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AndyBaxman
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PostPosted: Thu Apr 22, 2010 10:55 pm    Post subject: Reply with quote

The fact that HDD manufacturers were "correct" was merely a by product of their wish to overstate their products.

Decimal units make no sense for memory. This includes flash memory and solid state drives. Base 2 units are equally usable in all circumstances.

More so, in fact, because when you want to transfer files from a memory device to a disk device it is better not to have to translate from one system to another.

Using 2 systems is confusing but, because memory uses binary addressing, we cannot drop base 2 units. Base 2 units can be used equally well in all circumstances. Therefore the base 10 units should be scrapped. Call the base 2 units kibis, and so on, if you really must, but use one system only. And because of the nature of computers, that must be the base 2 system.

In short, kill the Kilobyte and keep the kibi.

The SI Taliban can remain content that their holy sanctity has been preserved while the rest of us can get on with life calling a "Meg" a Meg and knowing it contains 1024 K (Meg, of course, being shorthand for mibi and K being shorthand for kibi)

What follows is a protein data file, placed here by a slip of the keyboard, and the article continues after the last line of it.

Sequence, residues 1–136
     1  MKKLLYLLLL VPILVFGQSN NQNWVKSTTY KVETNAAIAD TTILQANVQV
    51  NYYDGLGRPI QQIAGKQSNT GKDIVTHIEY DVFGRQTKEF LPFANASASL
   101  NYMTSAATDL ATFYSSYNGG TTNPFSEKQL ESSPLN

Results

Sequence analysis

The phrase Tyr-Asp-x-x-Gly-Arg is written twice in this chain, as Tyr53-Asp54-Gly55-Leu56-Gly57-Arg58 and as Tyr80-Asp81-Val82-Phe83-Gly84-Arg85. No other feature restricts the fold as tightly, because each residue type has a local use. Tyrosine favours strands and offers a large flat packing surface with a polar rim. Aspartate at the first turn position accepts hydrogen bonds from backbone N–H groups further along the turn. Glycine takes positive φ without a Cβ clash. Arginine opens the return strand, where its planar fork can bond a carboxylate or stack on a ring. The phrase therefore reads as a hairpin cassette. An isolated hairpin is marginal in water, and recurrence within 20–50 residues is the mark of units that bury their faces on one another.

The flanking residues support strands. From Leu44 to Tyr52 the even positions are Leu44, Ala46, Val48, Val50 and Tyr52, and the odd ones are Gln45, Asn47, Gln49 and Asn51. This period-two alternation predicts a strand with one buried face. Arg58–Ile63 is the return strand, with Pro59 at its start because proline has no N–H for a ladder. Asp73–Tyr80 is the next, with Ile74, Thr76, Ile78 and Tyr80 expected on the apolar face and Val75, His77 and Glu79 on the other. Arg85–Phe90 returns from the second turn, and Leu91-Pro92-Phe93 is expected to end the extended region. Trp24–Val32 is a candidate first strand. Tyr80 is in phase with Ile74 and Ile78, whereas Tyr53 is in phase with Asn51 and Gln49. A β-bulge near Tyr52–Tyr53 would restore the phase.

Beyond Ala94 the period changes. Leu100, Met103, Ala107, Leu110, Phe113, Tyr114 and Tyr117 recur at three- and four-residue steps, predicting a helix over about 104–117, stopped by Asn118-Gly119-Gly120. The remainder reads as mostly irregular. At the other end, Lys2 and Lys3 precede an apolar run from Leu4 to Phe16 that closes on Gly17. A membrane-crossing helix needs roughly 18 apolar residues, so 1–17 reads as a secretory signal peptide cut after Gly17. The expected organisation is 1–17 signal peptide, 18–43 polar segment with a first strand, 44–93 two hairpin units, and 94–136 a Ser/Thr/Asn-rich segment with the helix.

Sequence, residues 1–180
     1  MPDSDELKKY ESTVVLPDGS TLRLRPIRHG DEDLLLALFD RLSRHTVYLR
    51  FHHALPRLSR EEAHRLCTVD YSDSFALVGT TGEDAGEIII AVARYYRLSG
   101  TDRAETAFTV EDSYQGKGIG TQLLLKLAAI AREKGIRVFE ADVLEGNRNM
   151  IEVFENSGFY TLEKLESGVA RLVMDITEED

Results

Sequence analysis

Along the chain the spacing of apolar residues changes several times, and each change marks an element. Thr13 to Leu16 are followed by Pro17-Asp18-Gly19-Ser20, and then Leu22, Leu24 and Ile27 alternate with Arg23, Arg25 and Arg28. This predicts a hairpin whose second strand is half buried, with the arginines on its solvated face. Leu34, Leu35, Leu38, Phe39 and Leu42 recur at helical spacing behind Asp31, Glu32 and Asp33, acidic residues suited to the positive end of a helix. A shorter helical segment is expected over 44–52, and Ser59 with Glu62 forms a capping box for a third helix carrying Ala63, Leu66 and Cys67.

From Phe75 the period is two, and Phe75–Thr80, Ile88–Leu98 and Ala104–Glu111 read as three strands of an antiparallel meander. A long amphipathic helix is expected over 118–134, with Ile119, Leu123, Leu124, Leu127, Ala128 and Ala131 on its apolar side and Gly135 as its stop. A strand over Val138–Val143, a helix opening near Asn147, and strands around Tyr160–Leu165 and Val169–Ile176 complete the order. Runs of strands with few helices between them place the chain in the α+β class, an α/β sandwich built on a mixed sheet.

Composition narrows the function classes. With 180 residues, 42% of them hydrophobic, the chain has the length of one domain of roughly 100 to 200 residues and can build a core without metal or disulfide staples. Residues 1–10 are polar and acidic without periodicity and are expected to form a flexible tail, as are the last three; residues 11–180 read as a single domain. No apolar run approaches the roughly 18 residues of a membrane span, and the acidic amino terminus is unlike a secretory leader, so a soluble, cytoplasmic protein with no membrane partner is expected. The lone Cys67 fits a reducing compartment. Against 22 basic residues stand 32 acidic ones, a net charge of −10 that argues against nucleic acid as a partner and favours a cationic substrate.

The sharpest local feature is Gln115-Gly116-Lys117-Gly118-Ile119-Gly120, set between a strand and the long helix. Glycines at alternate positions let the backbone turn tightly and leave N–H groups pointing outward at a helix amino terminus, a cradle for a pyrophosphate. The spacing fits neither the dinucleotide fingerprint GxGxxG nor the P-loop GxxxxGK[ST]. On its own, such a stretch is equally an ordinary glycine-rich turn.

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nelz
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PostPosted: Fri Apr 23, 2010 12:13 am    Post subject: Reply with quote

AndyBaxman wrote:
The fact that HDD manufacturers were "correct" was merely a by product of their wish to overstate their products.


That's more or less what I said, but you can't castigate them for being correct, even if their motives are self-interest.

AndyBaxman wrote:
Decimal units make no sense for memory.


Then why use them? Even worse, why try to adjust them to fit when they clearly don't.

AndyBaxman wrote:
Using 2 systems is confusing but, because memory uses binary addressing, we cannot drop base 2 units. Base 2 units can be used equally well in all circumstances. Therefore the base 10 units should be scrapped. Call the base 2 units kibis, and so on, if you really must, but use one system only. And because of the nature of computers, that must be the base 2 system.

In short, kill the Kilobyte and keep the kibi.


That's right, because that way there's no confusion. What Ubuntu are doing, AIUI, is not saying that you have to use the decimal units, but that if you do use the decimal names, you make them decimal.